Coffee, a Storied Source of Wealth in Rural DRC, Grows Again
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Coffee, a Storied Source of Wealth in Rural DRC, Grows Again

Coffee farmers in Hutwe, a rural village in Democratic Republic of Congo, say their crops are boosting their community’s economy. The area was known for coffee production in the 1980s, but unrest in the area in the 1990s made it difficult to grow and sell coffee beans. Merveille Kavira Luneghe, GPJ DRC
Democratic Republic of CongoThe terrain around Hutwe, a village in DRC’s North Kivu province, has long been rich and fertile, but armed violence there in the 1990s and 2000s isolated the area. Now, the violence has abated, and a cooperative is helping farmers process and sell their high-quality coffee.

HUTWE, DEMOCRATIC REPUBLIC OF CONGO — The area around the village is lush and green. Abundant water from a nearby river and rich, fertile soil make the area verdant, sprouting with cassava trees that provide a staple crop for the people here.

Farmers manage those trees in the morning, and in the afternoon they go to their coffee trees. If the cassava trees feed the people, then the coffee trees fulfill many of their other needs – or at least any of them that require currency.

“Coffee is our area’s source of wealth,” says Ndungo Kamawite, a coffee farmer and father of eight children.

Kamawite owns a coffee field of 90 square meters (108 square yards). He harvests twice a year and sells his crop to a cooperative called SOPROCOPIV. SOPROCOPIV stands for Solidarité pour la Promotion et la Commercialisation des Produits Industriels et Vivriers, which in English roughly means solidarity for the promotion and marketing of industrial and food products.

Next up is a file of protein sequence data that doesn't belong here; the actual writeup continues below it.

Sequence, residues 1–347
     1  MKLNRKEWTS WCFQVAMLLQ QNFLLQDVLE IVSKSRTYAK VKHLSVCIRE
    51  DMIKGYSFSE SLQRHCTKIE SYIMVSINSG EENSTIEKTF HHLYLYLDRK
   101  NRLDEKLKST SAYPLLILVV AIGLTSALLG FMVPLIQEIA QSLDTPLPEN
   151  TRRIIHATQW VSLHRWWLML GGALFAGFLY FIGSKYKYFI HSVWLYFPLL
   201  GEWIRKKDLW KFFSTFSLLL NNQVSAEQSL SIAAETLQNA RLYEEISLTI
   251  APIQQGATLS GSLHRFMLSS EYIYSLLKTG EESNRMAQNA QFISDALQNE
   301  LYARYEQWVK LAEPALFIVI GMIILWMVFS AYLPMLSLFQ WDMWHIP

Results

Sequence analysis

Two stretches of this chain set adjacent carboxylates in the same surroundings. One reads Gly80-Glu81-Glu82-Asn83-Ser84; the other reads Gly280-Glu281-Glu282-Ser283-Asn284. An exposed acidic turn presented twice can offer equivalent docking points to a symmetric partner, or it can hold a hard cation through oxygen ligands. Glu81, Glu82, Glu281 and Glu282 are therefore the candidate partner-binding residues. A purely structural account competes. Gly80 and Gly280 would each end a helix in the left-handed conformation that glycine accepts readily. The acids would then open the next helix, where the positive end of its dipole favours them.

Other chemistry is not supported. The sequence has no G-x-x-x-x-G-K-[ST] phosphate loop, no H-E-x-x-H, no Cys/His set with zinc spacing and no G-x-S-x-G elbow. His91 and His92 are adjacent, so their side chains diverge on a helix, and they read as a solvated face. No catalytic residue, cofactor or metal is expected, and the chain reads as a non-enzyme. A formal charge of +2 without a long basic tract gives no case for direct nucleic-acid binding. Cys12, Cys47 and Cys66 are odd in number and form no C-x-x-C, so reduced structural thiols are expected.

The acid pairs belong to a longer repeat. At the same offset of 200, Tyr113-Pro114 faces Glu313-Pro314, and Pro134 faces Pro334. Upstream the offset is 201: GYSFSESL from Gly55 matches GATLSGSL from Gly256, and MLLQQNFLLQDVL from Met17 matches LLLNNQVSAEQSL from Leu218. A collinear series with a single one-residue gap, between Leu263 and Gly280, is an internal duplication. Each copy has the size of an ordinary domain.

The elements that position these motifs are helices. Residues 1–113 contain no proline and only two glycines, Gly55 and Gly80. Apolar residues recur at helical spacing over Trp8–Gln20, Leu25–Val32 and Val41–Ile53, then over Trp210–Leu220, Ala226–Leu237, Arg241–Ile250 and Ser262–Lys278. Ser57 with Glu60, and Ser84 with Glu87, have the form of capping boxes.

The cooperative provides the farmers with free seeds, which come from a germination project, and the cooperative organizes training programs on how best to grow the coffee. A small pulping plant helps the farmers remove cherries from the coffee beans. SOPROCOPIV began working with farmers in Hutwe in 2014.

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Workers in Hutwe’s coffee sector say a cooperative known as SOPROCOPIV has made it possible for them to grow high-quality coffee and sell it at a good price. Hutwe is a village in DRC’s North Kivu province.

Merveille Kavira Luneghe, GPJ DRC

Before that, coffee farmers used handmade machines to dry the beans. They crushed them with mortars and pestles or with millstones, which compromised the quality. They carried the coffee on mountainous paths for nearly 30 kilometers (19 miles) to the north and south to get it to buyers on market days.

Now, SOPROCOPIV buys coffee from the farmers for between 600 Congolese francs and 1,920 Congolese francs (about 37 cents and about $1.20) per kilogram (2.2 pounds), depending on whether the coffee is in raw form or processed, says Justin Muhindo Kisono, an agronomist who leads the cooperative’s branch in Hutwe.

High-quality coffee is nothing new in this part of the world. DRC’s coffee was renowned in the late 1970s and early 1980s, says Ivan Godfroid, a regional director at Rikolto, a Belgium-based organization that supports coffee cooperatives in DRC and throughout the world.

Insecurity in the region in the 1990s and 2000s isolated many areas of North Kivu province, where Hutwe is located. Violence by armed groups that operate in the region continues to this day.

But now, the atmosphere in Hutwe is calm enough to begin to plan for a future in agriculture.

About 70 percent of the people in the village are involved in coffee production, Kisono says.

That includes people who are new to the village, such as Kavugho Kihunga, who came to Hutwe from the mountainous area to the east to escape violence there and found work picking coffee.

“This way, I manage to survive,” Kihunga says.

Kihunga is not the only person who says the local coffee industry is the difference between survival and despair.

Dorcas Kavira earns $30 each month sorting coffee. The work frees her from “the need to resort to begging,” she says.

Mwanzali Syalikowiwe, a local leader in the Kyaramba neighborhood in Hutwe, says the renewed coffee industry reminds him of a similar era when he was a boy.

“I remember when I was young in 1984, I produced eight bags of coffee, with 1 kilogram [2.2 pounds] fetching $1,” he says.

Now, Syalikowiwe says, he has 300 coffee trees.

Sylvestre Ndahayo, GPJ, translated the article from French.

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